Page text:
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Chasing InnovationMaking Entrepreneurial Citizens in Modern India$
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Lilly Irani

Print publication date: 2019

Print ISBN-13: 9780691175140

Published to Princeton Scholarship Online: September 2019

DOI: 10.23943/princeton/9780691175140.001.0001

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Entrepreneurial Time and the Bounding of Politics

Entrepreneurial Time and the Bounding of Politics

Chapter:
(p.109) 5 Entrepreneurial Time and the Bounding of Politics
Source:
Chasing Innovation
Author(s):

Lilly Irani

Publisher:
Princeton University Press
DOI:10.23943/princeton/9780691175140.003.0005

This chapter focuses on the history and political fallout of entrepreneurial urgency. It also considers the concept of “bias to action.” The bias to action was a regime of being-in-time that emerged in responses to shifts in political economy. Champions of the bias to action urge entrepreneurial citizens to proliferate experiments out of their lives, out of their social relationships, and out of their encounters with the poor. These relations become the “living lab” for experiments in adding value in the for-profit and non-profit sectors. At the same time that entrepreneurial citizens reach beyond their salaried jobs and into civil society and development, they worked in entrepreneurial time—amid a manufactured urgency that made democratic processes a threat to self-actualization and a threat to value.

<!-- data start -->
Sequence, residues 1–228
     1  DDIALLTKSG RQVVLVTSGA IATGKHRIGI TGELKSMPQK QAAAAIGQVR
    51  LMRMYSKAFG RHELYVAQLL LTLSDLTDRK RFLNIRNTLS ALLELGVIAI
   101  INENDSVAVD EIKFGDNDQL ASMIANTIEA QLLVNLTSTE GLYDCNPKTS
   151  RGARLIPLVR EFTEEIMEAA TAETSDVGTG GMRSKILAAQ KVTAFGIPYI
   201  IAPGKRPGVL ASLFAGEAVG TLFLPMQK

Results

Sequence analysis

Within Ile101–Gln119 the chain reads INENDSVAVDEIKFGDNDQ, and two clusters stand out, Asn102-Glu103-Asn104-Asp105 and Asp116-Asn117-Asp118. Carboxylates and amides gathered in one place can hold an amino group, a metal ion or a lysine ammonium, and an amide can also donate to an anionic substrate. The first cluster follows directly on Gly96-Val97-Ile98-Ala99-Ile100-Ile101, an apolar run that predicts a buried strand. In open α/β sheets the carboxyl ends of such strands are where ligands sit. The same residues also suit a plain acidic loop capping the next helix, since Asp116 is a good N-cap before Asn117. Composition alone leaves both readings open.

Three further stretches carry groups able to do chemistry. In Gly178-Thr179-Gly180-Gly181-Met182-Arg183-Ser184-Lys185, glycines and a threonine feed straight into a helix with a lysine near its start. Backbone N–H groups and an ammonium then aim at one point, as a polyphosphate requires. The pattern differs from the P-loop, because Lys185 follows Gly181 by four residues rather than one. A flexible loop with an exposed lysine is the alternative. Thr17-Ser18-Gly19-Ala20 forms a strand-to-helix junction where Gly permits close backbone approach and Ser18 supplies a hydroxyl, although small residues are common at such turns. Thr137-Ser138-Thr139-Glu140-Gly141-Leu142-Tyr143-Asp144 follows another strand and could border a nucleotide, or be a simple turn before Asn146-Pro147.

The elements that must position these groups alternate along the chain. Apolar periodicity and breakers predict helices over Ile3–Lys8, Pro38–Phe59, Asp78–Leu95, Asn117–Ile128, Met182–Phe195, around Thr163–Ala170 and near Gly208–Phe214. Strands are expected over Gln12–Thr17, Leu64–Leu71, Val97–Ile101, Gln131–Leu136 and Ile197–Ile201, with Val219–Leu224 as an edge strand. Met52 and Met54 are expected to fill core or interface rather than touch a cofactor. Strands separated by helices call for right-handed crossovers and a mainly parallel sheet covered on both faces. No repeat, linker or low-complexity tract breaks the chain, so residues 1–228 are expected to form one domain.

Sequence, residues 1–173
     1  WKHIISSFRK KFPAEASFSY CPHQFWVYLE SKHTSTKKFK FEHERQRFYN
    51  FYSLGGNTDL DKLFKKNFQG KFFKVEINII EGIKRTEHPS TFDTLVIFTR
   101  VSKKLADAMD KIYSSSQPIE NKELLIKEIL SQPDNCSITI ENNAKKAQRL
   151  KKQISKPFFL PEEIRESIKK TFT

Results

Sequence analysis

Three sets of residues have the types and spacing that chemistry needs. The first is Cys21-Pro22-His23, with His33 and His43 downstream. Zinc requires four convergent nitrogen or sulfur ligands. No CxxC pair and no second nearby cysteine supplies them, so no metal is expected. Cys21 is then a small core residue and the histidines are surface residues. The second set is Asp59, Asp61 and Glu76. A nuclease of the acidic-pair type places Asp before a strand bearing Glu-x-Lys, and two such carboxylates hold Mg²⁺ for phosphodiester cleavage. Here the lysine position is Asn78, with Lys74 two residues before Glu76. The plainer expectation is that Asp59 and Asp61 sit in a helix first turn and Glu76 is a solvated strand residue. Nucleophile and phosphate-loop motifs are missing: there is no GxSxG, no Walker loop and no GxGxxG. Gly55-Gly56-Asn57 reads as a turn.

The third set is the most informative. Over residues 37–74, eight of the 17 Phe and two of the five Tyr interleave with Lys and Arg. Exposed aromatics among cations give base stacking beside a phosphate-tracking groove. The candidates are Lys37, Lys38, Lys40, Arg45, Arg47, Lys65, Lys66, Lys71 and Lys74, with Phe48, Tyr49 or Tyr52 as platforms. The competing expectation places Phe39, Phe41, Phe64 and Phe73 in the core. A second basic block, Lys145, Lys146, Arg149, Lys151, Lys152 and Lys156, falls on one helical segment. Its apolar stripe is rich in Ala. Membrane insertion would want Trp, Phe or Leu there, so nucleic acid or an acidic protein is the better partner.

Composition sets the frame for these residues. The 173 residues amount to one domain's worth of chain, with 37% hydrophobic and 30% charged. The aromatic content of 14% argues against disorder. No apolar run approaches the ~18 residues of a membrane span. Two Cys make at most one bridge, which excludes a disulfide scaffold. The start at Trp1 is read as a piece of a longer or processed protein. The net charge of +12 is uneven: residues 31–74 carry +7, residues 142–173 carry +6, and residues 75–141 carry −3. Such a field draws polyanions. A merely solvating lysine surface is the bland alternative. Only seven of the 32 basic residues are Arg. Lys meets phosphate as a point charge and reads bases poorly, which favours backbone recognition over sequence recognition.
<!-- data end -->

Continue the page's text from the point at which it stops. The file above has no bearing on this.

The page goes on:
Keywords:   entrepreneurial urgency, bias to action, political economy, entrepreneurial citizens, experiments, social relationships, entrepreneurial time, democratic processes, civil society, development

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